Azure Key Cloud Tools
- Cognitive Services: Microsoft has also invested heavily in artificial intelligence, and it offers a machine learning service and a bot service on Azure. It also has Cognitive Services that include a Bing Web Search API, Text Analytics API, Face API, Computer Vision API and Custom Vision Service. For IoT, it has several management and analytics services, and its serverless computing service is known as Functions.
- Supporting MSFT Software: Not surprisingly, many of Azure’s top tools are geared around supporting on-premises Microsoft software. Azure Backup is a service that links Windows Server Backup in Windows Server 2012 R2 and Windows Server 2016. Visual Studio Team Services hosts Visual Studio projects on Azure.
Microsoft Azure summary
- What is Microsoft Azure? Microsoft Azure is a collection of various cloud computing services, including remotely hosted and managed versions of proprietary Microsoft technologies, and open technologies, such as various Linux distributions deployable inside a virtual machine.
- Why does Microsoft Azure matter? Azure lacks upfront costs or an appreciable time delay in resource provisioning—capacity is available on demand. With a usage-based billing formula, Azure is a compelling option for enterprises transitioning from on-premise Windows servers to the cloud.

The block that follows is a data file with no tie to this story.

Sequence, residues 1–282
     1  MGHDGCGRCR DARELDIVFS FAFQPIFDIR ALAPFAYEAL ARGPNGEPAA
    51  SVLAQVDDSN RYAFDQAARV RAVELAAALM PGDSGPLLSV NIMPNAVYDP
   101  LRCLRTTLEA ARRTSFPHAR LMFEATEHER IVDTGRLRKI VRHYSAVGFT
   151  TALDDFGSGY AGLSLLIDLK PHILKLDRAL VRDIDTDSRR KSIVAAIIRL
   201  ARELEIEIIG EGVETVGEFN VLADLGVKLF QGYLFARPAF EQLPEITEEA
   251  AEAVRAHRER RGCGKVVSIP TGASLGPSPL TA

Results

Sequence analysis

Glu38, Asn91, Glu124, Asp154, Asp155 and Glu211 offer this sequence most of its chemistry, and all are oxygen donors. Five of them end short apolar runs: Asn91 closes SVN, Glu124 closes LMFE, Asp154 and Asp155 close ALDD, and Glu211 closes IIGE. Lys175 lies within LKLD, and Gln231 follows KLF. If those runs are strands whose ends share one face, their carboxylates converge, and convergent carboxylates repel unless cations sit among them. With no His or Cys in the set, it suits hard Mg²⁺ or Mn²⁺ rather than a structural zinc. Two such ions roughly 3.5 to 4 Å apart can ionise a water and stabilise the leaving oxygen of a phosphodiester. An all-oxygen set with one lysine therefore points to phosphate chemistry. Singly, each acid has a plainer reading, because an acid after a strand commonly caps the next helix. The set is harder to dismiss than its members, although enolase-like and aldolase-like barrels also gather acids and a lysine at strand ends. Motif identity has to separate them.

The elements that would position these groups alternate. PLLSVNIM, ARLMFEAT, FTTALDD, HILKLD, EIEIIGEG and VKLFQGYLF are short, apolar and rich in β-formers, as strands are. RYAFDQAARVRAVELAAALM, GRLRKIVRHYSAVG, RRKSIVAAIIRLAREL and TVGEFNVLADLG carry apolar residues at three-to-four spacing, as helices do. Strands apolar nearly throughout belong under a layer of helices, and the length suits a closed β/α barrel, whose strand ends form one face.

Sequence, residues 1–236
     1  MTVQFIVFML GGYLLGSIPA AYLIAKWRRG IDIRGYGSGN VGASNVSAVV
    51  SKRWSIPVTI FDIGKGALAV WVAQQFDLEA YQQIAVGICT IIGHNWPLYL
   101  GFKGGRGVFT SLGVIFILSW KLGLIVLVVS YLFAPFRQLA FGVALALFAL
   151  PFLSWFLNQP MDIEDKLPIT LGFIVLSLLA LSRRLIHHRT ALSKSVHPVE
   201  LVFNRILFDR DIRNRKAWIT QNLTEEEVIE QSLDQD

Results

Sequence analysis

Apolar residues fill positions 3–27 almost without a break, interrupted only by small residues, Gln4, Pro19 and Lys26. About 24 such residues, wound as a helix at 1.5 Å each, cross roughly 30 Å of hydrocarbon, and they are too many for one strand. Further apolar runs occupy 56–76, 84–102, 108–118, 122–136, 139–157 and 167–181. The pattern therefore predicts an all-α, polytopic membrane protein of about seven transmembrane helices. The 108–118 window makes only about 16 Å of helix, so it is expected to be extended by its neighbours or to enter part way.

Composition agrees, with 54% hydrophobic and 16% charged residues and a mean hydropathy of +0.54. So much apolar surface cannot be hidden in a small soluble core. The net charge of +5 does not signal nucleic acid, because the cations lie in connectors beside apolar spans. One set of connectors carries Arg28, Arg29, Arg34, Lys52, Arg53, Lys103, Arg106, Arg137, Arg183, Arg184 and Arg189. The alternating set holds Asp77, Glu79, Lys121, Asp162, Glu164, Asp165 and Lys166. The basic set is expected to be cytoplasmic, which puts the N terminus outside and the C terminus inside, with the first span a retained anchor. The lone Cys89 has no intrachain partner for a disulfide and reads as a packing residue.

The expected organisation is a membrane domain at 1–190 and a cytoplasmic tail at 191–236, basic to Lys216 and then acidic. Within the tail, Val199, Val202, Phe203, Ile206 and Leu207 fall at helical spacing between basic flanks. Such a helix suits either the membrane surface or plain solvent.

- Who does Microsoft Azure affect? Azure can be utilized at any scale, from a garage startup to a Fortune 500 company. Because of the ease of transition, organizations with an existing Windows Server deployment may find Azure to be best suited to their needs.
- When was Microsoft Azure released? Azure reached general availability in February 2010, with additional services and regional data centers being added continually since launch.
- How do I get Microsoft Azure? New users receive a $200 service credit good for 30 days when signing up for Microsoft Azure; the credit can be applied toward any Microsoft-provided service. Additional discounts and credits are available for startups, nonprofits, and universities.
In addition to the aforementioned storage, virtual machine, CDN, and Windows-related services, Azure also offers a variety of other services.
- Azure IoT Suite offers various options for connecting and monitoring devices, as well as providing telemetry and analytics services.
- HDInsight is a customized Hadoop deployment.
- Azure Redis Cache is a managed version of the popular open-source Redis data structure server; Azure Cosmos DB is a hosted NoSQL database for specific use cases; and Azure Search is an OData-based managed search service.
- Azure Media Services offers cloud-based video playing, indexing, transcoding, and content protection services.
Microsoft, in coordination with hardware vendors such as Lenovo, Dell EMC, HP Enterprise, Cisco, and Huawei, offers the Azure Stack appliance for use in hybrid cloud deployments. The Azure Stack certified hardware allows organizations to run Azure applications from the public Azure cloud while leveraging data hosted on-premise, as well as running the same services from the public Azure cloud on the Azure Stack platform.